=The verb rahnaa can be used for 'to live (permanently)' ('We live in an old haveli'), or 'to stay (temporarily)' ('We're staying with friends this week'), or for 'to remain (longer)' ('Don't rush off, stay for dinner'). Needless to say, these various possibilities give different flavors to the imperative verb in the first line.

=The command could be addressed to someone who's already living or staying in the heart (urging him/her to remain), or to someone who's considering where to live or stay in the future.

=The command could be given to anybody-- to the beloved (as SRF notes), to the speaker himself, and/or to humans in general. The heart too could be one's own, or someone else's.

=The alternative to 'living/staying in the heart' is left for us to decide. The verse could be laying down an injunction against suicide (you must cherish the life you have in your physical body). Or it could be an injunction against some kind of 'heartlessness'-- cruelty, spiritual apathy, worldliness, shallowness, indifference to the sufferings of others, etc.

=And then, what kind of a 'house' is the heart, anyway? Is it 'natural, created by nature', or is it 'agreeable, acceptable', or is it 'worthy, laudable'? (See the definition above.) Obviously these various possibilities generate rather different arguments for living or staying in the heart. Moreover, grammatically speaking, the heart might not be a house at all, but might be something unique and inimitable, something the 'architect of fate' was unable to replicate when he sought to capture its qualities in the form of a house. It's also possible, depending on the tone in which the verse is read, that the heart might be a really lousy place in which to live, and that the only reason to put up with it is that there's nothing better on the market.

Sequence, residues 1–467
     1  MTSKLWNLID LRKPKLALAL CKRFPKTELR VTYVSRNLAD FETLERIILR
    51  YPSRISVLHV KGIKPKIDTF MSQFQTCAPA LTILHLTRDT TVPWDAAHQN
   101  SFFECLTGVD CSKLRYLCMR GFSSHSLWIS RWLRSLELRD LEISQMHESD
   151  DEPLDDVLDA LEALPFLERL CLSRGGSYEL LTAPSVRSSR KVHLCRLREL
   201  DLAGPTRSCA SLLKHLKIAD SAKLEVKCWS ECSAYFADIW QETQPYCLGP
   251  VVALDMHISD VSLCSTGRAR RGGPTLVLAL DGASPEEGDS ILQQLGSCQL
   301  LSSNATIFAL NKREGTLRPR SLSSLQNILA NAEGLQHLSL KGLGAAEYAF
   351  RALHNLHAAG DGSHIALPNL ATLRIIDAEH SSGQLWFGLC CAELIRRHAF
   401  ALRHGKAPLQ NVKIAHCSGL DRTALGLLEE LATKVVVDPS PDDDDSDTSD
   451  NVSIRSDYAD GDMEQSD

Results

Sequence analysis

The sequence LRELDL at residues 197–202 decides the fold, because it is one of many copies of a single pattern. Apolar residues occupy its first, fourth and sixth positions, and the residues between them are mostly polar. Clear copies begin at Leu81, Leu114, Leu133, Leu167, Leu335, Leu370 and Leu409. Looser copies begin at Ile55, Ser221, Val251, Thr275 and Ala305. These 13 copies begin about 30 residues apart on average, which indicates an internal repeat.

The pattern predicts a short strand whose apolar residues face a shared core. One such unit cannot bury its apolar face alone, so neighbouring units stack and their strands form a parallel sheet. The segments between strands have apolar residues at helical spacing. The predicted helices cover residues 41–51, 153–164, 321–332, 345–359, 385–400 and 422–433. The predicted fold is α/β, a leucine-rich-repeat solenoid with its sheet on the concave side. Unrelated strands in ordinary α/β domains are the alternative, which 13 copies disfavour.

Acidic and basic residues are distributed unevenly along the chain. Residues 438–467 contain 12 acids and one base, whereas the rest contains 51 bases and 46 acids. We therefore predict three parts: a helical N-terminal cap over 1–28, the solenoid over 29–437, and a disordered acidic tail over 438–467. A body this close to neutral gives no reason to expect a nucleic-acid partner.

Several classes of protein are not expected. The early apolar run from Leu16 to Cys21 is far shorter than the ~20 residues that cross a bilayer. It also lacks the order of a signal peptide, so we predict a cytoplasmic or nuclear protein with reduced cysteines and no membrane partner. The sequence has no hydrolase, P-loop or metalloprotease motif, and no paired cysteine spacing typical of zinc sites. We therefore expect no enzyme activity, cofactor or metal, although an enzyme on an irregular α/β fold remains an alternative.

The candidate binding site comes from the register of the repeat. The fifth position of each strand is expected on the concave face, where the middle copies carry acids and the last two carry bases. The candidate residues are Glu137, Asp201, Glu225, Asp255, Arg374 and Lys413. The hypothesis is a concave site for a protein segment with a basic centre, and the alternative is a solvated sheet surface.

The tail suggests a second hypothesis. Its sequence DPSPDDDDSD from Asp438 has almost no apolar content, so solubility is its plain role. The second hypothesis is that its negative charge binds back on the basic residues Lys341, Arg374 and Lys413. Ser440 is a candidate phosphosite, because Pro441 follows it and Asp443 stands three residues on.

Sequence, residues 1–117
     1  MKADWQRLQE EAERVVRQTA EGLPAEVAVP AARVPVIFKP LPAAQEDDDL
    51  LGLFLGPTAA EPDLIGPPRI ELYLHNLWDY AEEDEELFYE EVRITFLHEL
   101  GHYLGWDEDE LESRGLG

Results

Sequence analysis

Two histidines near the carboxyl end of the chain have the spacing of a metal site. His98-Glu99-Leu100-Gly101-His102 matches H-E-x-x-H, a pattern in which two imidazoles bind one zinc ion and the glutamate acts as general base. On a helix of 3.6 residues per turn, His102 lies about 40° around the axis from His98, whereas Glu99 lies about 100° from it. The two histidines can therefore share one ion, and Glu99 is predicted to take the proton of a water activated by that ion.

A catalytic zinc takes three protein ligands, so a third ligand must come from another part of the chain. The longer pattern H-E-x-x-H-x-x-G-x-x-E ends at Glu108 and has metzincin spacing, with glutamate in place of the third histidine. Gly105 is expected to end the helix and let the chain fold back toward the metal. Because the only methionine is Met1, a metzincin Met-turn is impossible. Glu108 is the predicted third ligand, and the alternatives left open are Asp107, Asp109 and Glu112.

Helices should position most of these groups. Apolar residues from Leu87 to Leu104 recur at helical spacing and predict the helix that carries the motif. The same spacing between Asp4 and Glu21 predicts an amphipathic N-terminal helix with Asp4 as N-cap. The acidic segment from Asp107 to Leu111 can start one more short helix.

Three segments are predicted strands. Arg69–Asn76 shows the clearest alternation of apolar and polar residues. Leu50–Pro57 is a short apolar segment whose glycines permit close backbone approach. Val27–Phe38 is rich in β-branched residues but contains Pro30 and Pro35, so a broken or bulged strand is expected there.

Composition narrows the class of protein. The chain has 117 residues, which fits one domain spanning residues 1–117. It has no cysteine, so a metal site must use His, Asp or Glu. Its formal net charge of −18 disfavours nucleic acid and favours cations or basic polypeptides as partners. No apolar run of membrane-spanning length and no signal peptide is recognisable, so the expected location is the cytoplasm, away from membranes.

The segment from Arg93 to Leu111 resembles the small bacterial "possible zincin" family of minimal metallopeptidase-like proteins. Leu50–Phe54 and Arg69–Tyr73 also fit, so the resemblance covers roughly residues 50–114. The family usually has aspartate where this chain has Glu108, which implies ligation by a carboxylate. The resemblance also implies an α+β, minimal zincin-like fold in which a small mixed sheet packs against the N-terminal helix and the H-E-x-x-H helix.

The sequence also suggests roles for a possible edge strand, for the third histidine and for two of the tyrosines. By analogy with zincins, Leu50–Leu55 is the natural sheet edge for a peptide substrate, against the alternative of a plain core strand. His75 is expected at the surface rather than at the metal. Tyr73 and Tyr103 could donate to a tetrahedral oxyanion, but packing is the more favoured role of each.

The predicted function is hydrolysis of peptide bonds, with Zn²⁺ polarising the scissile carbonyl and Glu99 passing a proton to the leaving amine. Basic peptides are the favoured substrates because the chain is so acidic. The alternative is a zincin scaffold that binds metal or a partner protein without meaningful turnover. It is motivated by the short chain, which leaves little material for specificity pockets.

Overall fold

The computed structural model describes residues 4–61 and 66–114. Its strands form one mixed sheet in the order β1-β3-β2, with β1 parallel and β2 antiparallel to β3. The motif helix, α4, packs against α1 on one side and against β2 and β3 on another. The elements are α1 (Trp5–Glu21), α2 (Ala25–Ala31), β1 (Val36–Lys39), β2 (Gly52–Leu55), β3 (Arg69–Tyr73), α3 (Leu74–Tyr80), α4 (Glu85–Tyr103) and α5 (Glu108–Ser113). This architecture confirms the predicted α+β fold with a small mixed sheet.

=The little 'as yet' [ab tak] may suggest that the 'architect of fate' has been trying for a long time to build a house equal to the heart, and he continues to try-- but up to the present he hasn't succeeded (the 'passive of impossibility'). Thus his inability may testify to the unique excellence of the heart. Alternatively, perhaps it's the addressee who has been eagerly looking for a better house, and the speaker is telling her not to hold her breath, for in all this time, 'as yet', the architect of fate hasn't provided one (and perhaps never will).

=Moreover, who is this 'architect of fate'? Given the multivalence of the izafat, it could be an architect who is identical to fate, or an architect who has designed or built fate, or an architect who is an agent or instrument of fate. The epithet could of course refer to God, but such an identification remains cleverly (or piously?) situated as only one option among many. If it's taken to refer to God, then it also evokes a hoary theological debate about the nature of divine omnipotence (Could God make a rock so heavy that He couldn't lift it? Could He make a 'house' so peerless that He couldn't replicate it?).

=As SRF notes, the repetition of dil me;N is what makes an impression in the memory. It gives the verse a tone of urgency. The speaker isn't offering a casual real-estate suggestion, he's urgently enjoining the addressee to take heed, and not to make some kind of very bad choice. The focused pithiness is like 'Stay on the ledge-- on the ledge!' (that is, don't jump, or don't make some kind of rash mountaineering move). And since we're all potentially the addressees, it must surely make us feel like freezing in place, right where we are, and taking stock of our surroundings and our choices.